Greenlight Capital Inc., the hedge fund run by David Einhorn, bought shares of Dell Inc. and Xerox Corp. in the fourth quarter as part of a bet on undervalued U.S. stocks, according to a letter to investors.
“Our current strategy is to own cheap stocks of good businesses, largely in the United States,” Greenlight said in a letter dated Jan. 17, a copy of which was obtained by Bloomberg News. “We are more net long equities than we have been in some time, as we believe that many stocks have reached a point where they are simply cheap enough to own even if some trouble awaits us.”
Dell, the third-largest personal-computer maker, has broadened its products beyond computers and is undervalued, the New York-based hedge fund said in the letter. Greenlight bought Dell at an average price of $15.53. Shares of the Round Rock, Texas-based company gained 2 percent to $16.40 at 1:17 p.m. in New York trading.
Einhorn, whose fund can bet on rising and falling prices, is best known for shorting Lehman Brothers Holdings Inc. before it collapsed in September 2008. Greenlight gained 2.9 percent last year, according to the letter.
Greenlight also purchased shares of Xerox because the firm remains bullish on the Norwalk, Connecticut-based firm’s acquisition of Affiliated Computer Services Inc. in 2010. Einhorn’s fund initially bought Xerox after the takeover but sold amid concerns that the provider of printers and business services faced potential losses from the March 11 earthquake and tsunami in Japan. Greenlight originally bought Xerox at around $9.35 and repurchased the stock at $7.61, according to the letter.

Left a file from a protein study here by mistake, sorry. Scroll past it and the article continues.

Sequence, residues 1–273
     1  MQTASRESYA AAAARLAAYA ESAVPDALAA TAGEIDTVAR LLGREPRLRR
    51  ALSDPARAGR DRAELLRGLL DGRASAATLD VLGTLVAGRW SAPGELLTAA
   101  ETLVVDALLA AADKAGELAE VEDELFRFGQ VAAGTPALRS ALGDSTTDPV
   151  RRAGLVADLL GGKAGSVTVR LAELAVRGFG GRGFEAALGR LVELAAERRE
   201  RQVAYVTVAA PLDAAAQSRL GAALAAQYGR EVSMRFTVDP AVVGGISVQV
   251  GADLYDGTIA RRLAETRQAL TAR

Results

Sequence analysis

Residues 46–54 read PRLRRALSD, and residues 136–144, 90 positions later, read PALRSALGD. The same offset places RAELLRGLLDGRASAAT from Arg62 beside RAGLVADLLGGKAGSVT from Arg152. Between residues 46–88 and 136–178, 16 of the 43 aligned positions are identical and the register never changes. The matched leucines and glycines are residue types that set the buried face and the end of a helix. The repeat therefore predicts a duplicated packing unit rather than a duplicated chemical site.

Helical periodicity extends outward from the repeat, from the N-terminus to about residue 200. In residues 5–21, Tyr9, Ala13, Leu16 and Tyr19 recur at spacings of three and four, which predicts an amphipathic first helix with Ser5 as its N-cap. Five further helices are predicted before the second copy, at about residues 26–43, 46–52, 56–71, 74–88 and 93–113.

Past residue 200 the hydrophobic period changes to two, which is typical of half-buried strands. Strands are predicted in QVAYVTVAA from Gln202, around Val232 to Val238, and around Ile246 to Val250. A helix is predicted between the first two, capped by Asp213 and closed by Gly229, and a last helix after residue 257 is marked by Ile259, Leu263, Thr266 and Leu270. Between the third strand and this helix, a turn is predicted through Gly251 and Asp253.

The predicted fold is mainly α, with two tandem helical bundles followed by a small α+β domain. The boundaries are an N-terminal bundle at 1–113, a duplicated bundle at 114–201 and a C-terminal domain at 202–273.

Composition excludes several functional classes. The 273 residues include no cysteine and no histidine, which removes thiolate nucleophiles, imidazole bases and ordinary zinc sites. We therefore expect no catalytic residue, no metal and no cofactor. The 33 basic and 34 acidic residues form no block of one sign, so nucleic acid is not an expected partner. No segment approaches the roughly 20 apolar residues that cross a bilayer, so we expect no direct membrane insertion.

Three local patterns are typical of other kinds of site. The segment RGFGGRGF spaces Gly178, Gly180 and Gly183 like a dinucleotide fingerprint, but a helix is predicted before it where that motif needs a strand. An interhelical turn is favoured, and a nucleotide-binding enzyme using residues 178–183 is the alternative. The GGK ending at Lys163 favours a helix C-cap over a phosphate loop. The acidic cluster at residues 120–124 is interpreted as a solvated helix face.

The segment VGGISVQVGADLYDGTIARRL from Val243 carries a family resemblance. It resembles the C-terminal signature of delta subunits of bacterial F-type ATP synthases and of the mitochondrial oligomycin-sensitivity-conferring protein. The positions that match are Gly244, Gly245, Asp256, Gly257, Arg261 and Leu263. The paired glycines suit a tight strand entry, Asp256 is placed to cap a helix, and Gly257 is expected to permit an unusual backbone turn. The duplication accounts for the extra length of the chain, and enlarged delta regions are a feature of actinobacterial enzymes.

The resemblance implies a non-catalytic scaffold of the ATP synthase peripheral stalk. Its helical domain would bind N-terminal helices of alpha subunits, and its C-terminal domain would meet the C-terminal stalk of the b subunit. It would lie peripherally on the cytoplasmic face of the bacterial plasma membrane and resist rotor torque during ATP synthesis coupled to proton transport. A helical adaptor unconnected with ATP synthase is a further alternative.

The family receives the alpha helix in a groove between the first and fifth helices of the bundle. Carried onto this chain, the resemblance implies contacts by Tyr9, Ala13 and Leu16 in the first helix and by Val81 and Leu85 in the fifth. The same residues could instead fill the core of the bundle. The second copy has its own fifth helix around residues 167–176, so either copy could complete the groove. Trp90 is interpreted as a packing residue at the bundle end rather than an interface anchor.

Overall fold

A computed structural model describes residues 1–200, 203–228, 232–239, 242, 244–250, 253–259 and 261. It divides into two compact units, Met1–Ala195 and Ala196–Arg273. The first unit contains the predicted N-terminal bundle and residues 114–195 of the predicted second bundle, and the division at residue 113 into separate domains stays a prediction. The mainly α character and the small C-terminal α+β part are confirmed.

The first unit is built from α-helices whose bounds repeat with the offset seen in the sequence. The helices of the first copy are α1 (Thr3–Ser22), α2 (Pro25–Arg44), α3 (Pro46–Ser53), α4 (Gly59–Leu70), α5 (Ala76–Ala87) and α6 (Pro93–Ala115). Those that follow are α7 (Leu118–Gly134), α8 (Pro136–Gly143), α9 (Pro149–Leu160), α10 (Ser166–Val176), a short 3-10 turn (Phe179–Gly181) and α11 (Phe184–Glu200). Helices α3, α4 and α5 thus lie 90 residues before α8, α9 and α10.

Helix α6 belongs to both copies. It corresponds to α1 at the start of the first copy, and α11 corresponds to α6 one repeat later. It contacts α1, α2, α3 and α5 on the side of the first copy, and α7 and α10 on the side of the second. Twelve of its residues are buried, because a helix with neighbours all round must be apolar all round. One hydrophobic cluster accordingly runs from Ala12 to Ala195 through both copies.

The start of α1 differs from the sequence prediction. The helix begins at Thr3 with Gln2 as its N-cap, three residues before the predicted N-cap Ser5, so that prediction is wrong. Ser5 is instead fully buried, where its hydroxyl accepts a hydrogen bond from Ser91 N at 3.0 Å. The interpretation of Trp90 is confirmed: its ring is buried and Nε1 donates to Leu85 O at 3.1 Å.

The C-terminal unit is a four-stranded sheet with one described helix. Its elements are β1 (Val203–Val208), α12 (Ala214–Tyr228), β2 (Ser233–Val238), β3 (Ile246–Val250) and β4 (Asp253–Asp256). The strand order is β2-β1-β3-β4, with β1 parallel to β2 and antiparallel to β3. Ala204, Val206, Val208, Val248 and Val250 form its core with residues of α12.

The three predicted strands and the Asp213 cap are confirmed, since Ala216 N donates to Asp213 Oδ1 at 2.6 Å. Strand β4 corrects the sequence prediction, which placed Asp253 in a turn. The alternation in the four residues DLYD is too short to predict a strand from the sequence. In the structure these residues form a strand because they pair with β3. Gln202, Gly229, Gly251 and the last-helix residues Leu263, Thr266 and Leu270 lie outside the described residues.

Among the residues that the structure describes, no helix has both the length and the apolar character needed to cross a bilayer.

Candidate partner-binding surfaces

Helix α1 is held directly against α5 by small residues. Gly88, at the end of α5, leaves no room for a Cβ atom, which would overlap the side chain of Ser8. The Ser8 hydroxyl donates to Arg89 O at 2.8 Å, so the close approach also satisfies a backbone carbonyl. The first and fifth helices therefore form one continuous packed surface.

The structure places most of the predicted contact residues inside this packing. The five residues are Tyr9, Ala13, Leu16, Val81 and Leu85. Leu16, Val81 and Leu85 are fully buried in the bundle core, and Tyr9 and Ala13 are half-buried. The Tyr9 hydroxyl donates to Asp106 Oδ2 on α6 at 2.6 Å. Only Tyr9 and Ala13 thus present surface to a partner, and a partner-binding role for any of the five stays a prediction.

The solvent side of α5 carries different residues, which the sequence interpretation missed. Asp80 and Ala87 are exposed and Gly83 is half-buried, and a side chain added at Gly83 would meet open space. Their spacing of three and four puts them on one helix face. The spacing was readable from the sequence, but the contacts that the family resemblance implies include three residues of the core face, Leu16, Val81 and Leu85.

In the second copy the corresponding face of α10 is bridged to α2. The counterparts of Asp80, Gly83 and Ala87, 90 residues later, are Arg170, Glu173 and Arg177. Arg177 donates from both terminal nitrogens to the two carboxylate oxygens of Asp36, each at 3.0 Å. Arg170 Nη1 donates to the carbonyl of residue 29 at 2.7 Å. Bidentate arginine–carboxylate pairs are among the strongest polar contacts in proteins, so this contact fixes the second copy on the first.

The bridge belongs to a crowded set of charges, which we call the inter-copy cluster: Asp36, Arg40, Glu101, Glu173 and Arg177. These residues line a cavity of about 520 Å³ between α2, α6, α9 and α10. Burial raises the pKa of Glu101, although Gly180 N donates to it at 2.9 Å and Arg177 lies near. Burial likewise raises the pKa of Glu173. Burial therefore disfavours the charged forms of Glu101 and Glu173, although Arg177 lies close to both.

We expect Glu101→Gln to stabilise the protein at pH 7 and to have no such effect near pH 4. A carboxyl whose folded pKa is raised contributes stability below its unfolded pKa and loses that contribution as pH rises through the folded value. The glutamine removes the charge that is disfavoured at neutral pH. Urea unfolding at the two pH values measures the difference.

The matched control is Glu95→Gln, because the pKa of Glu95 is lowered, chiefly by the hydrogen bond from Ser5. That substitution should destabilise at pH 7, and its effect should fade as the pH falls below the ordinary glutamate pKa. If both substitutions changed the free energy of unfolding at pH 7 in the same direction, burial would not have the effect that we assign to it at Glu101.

Greenlight sold its stake in Travelers Cos. because recent losses due to U.S. catastrophes, including tornadoes and Hurricane Irene, have hampered the New York-based insurer’s share-buyback program, the firm said in the letter. Travelers Chief Executive Officer Jay Fishman said last month that the company expected to repurchase $1.1 billion to $1.2 billion of shares in the fourth quarter of 2011. That compares with $1.6 billion in the year-earlier period.
Greenlight owned about 1 percent of outstanding shares of Travelers at the end of the third quarter, according to a regulatory filing, and posted a “double-digit return” after selling its entire stake, according to the letter.
Greenlight also exited Becton, Dickinson & Co., CVS Caremark Corp. and Employers Holdings Inc. The firm covered a bet that the price of First Solar Inc. shares would decline, one of “the most profitable shorts in the history of the Partnership,” according to the letter, and also closed its short position on Diamond Foods Inc.
Short selling is when a manager borrows a share and sells it in hopes of buying it back later at a lower price.
Greenlight said it continues to bet on a weaker Japanese yen, a wager that contributed to the firm’s biggest loss last year after the currency gained more than 5 percent amid Europe’s debt problems and following the earthquake and tsunami.
The firm said it continues to hold gold and gold mining equities and expects European sovereign bond prices to fall. Greenlight “did well” in 2011 by investing in credit default swaps, or securities used to insure against default, on European sovereign debt, according to the letter.